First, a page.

To map is in one way or another to take the measure of a world, and more than merely take it, to figure the measure so taken in such a way that it may be communicated between people, places or times. The measure of mapping is not restricted to the mathematical; it may equally be spiritual, political or moral. By the same token the mapping’s record is not confined to the archival; it includes the remembered, the imagined, the contemplated. The world figured through mapping may thus be material or immaterial, actual or desired, whole or part, in various ways experienced, remembered or projected.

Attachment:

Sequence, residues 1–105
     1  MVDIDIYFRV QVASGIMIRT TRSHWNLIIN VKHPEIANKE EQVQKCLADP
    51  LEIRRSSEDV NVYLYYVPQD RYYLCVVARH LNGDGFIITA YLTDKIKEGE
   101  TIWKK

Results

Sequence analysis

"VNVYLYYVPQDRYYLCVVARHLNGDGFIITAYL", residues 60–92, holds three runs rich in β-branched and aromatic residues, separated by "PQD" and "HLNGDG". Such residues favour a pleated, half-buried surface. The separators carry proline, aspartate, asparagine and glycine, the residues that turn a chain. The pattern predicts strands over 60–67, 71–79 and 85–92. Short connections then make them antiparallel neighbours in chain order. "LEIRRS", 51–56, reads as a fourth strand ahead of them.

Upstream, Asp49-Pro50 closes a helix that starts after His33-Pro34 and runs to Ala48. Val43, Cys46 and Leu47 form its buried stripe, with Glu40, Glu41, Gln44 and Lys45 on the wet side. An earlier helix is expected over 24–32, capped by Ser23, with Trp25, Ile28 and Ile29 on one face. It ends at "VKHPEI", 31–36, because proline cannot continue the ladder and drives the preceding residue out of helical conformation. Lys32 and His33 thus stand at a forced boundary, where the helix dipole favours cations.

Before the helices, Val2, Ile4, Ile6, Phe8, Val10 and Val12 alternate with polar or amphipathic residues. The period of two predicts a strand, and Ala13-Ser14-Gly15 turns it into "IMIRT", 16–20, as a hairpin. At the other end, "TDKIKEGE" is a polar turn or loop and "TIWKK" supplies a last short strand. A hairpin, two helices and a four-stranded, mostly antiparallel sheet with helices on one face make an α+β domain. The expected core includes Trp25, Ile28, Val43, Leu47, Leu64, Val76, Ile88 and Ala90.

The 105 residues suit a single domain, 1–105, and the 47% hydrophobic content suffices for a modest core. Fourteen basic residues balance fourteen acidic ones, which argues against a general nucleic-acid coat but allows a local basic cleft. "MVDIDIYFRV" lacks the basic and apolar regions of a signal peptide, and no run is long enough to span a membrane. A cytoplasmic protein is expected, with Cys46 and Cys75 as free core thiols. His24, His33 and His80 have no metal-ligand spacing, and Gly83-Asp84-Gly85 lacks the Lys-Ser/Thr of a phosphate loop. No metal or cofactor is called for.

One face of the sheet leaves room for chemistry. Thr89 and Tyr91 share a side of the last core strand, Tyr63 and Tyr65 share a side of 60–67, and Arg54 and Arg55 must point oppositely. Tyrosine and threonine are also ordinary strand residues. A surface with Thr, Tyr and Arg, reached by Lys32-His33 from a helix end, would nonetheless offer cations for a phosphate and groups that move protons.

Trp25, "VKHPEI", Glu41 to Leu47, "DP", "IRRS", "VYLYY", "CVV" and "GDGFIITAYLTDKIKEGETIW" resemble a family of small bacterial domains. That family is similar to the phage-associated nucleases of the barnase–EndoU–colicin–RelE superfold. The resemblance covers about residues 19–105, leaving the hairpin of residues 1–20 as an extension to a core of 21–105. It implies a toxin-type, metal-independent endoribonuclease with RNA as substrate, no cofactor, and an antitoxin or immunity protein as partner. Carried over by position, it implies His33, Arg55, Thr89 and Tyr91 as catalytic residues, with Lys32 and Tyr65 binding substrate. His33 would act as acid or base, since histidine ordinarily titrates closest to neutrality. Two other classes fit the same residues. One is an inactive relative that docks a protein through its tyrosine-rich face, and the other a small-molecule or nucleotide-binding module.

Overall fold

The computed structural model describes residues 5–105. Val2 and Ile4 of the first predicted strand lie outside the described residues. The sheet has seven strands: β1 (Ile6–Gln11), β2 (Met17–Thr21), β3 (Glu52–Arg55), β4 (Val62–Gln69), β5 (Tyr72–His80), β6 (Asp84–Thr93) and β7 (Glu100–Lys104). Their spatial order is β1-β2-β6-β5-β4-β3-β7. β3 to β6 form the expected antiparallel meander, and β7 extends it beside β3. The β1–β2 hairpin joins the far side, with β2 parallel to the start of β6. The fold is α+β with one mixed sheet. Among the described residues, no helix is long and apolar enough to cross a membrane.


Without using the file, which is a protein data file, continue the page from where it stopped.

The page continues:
Denis Cosgrove, Mappings (1999)